After sampling the reputedly toxic, morally corrosive substances emitted by the Joker movie, the immediate aftermath involved watching a short season of George Hamilton comedies, something worth holding the film-makers of Joker directly responsible for. Having followed up on their ‘in-movie’ quote of Zorro The Gay Blade, it seemed natural to look back a couple of years to the film that Hamilton was attempting to recapture the magic of; Love At First Bite.
Stan Dragoti’s comedy was a breakout hit in 1979, but has since fallen by the wayside, partly because of some hideous stereotyping; black characters are little more than cheerful thieves in the Manhattan that Count Dracula visits. Copyright issues involving a featured Alicia Bridges song have also muted re-release plans. ‘Dracula goes disco’ would be an equally good title for this film, in which the Count faces a fish-out-of-water culture clash as he encounters nightclubs, modelling shoots, psychiatry and various other late 70’s touchstones. Along the way, a shrink who is related to nemesis Van Helsing (Richard Benjamin) gets wind of the count’s plans and a duel of wits follows.
Love at First Bite is a more interesting film that a rather sketchy reputation might suggest; this isn’t quite Bram Stoker’s Dracula in that the count can shoot steam jets from his mouth, bend metal with his stare, transform himself into a dog and control a horse and cart with his mind. The world he encounters is recognisably 1970’s, but it’s odd how some characters recognise the Dracula brand, and others don’t; Love at First Bite is so keen to get laughs it can’t maintain a consistent universe.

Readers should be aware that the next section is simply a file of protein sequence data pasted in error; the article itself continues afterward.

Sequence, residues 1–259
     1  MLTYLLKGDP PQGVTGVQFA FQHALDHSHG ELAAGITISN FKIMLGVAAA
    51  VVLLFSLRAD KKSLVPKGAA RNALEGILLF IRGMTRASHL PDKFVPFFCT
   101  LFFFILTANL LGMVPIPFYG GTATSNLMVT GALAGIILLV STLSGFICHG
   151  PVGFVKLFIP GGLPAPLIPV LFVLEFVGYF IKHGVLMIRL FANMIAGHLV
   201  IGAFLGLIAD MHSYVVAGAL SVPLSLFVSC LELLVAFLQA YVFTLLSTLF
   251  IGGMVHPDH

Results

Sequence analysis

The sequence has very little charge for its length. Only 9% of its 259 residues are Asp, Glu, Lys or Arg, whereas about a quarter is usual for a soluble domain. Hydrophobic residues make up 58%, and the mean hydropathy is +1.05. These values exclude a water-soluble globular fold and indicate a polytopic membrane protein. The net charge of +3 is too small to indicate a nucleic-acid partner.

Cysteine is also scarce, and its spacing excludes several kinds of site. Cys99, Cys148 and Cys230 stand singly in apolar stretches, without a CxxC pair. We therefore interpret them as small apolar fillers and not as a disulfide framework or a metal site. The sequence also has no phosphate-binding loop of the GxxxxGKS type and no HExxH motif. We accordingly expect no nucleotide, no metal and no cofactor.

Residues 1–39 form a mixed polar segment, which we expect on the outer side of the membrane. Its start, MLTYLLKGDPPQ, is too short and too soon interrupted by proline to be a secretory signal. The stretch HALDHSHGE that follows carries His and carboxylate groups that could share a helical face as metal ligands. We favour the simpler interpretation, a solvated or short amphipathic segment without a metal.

That said, Hamilton is a good laugh here, playing straight and with great style in the way he’s constantly undercutting of his own gravity. Arte Johnson does well as his cockroach-loving sidekick Renfield, and there’s a few wierdly caustic lines like a psychiatrist saying ‘If you don’t pay for it, it won’t get better’ or a conquest who excuses her messy apartment by saying ‘I hate housework, it killed my mother’. The time-frame jokes are many and varied, but the best scene, a hypnosis duel, is timeless and a great moment; sure, Love at First Bite may have a few regrettable scenes, but there’s plenty of comedy meat on these often gnawed bones.